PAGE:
A religious war or holy war (Latin: bellum sacrum) is a war primarily caused or justified by differences in religion. In the modern period, debates are common over the extent to which religious, economic, or ethnic aspects of a conflict predominate in a given war. According to the Encyclopedia of Wars, out of all 1,763 known/recorded historical conflicts, 123, or 6.98%, had religion as their primary cause. Matthew White's The Great Big Book of Horrible Things gives religion as the cause of 11 of the world's 100 deadliest atrocities. In several conflicts including the Israeli–Palestinian conflict, the Syrian civil war, and the wars in Afghanistan and Iraq, religious elements are overtly present but variously described as fundamentalism or religious extremism—depending upon the observer's sympathies. However, studies on these cases often conclude that ethnic animosities drive much of the conflicts.
Some historians argue that what is termed "religious wars" is a largely "Western dichotomy" and a modern invention from the past few centuries, arguing that all wars that are classed as "religious" have secular (economic or political) ramifications. Similar opinions were expressed as early as the 1760s, during the Seven Years' War, widely recognized to be "religious" in motivation, noting that the warring factions were not necessarily split along confessional lines as much as along secular interests.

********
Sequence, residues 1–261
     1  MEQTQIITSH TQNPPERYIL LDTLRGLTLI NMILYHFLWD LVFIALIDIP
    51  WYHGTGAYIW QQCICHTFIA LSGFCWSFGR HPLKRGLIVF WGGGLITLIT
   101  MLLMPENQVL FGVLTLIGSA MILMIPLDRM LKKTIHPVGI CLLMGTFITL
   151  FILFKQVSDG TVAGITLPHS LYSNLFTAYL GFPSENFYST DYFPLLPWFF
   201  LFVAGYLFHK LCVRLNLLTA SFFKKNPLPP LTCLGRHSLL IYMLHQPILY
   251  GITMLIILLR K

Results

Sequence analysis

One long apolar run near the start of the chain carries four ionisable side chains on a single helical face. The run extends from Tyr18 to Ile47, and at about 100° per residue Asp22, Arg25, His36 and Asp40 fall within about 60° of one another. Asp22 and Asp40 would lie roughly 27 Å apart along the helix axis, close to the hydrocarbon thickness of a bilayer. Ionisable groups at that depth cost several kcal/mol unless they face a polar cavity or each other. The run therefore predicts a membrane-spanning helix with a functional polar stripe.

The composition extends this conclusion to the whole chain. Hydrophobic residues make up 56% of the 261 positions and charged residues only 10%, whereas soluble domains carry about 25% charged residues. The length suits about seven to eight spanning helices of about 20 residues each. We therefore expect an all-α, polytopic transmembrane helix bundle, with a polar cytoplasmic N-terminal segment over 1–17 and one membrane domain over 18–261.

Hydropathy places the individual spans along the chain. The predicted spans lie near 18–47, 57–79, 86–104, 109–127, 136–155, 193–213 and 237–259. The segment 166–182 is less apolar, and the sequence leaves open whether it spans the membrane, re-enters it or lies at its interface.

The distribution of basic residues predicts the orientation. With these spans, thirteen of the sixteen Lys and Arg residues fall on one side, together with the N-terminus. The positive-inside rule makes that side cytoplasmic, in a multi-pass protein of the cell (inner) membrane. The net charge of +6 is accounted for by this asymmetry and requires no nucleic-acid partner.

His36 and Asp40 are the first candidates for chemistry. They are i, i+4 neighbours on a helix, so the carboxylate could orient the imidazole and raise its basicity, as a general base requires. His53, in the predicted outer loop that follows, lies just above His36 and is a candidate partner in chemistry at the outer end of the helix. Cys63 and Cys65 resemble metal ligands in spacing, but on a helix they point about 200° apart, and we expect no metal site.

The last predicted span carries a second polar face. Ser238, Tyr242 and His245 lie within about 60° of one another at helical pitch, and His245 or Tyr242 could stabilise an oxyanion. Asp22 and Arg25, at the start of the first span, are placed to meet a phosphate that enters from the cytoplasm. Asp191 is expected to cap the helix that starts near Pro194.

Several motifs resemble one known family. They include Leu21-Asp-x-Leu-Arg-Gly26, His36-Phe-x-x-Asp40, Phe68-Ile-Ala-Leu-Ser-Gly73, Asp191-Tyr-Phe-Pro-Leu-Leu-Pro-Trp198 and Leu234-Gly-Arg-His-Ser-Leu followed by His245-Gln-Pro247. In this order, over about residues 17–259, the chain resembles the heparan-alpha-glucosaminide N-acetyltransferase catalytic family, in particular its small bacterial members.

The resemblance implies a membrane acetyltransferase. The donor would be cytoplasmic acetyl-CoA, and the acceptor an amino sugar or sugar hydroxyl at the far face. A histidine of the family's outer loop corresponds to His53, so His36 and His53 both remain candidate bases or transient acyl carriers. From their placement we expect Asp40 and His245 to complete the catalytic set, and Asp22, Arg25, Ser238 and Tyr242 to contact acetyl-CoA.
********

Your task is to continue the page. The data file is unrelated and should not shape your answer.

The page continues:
According to Jeffrey Burton Russell, numerous cases of supposed acts of religious wars such as the Thirty Years' War, the French Wars of Religion, the Sri Lankan Civil War, 9/11 and other terrorist attacks, the Bosnian War, and the Rwandan Civil War were all primarily motivated by social, political, and economic issues rather than religion. For example, in the Thirty Years' War the dominant participant on the "Protestant" side for much of the conflict was France, led by Cardinal Richelieu.
The war of Egyptians with Israelis, Pakistanis versus Hindus, and the conflict between Turkish-origin and Greek-origin Cypriots are recent instances where the ideals of Jihad have been introduced.
The tendency for a nation to arrange divine endorsement of its defensive or offensive wars is known from antiquity, and was probably a characteristic of primitive man as exemplified by the American Indian war dances and other rites invoking supernatural help. However there is a difference of scale when one moves from the single, tribal level to levels of tribal confederations or nations. Religious fervor invoked on this scale can abet an enormous amount of bloodletting: the Crusades illustrate this. Islamic emphasis on the sword is seen by the conquests in its first thousand years. The wars of the Turkish Ottoman Empire (1300-1922), while not specifically Jihads, show such characteristic features as the desecration of the Hagia Sophia after the capture of Constantinople (1453); forced conversions to Islam over the centuries; and the genocidal massacres of over 2 million Catholic Armenians (1894-1896, 1915-16). Even where Jihad is not officially proclaimed, fighters may call themselves 'mujahidin' or holy warriors and circumvent the Koranic protection extended to Christians and Jews, as in the Six Days War with Israel.
Pope Urban, in calling for the first crusade, did not know how the crusaders would behave, and thought he was defending Christians in the East.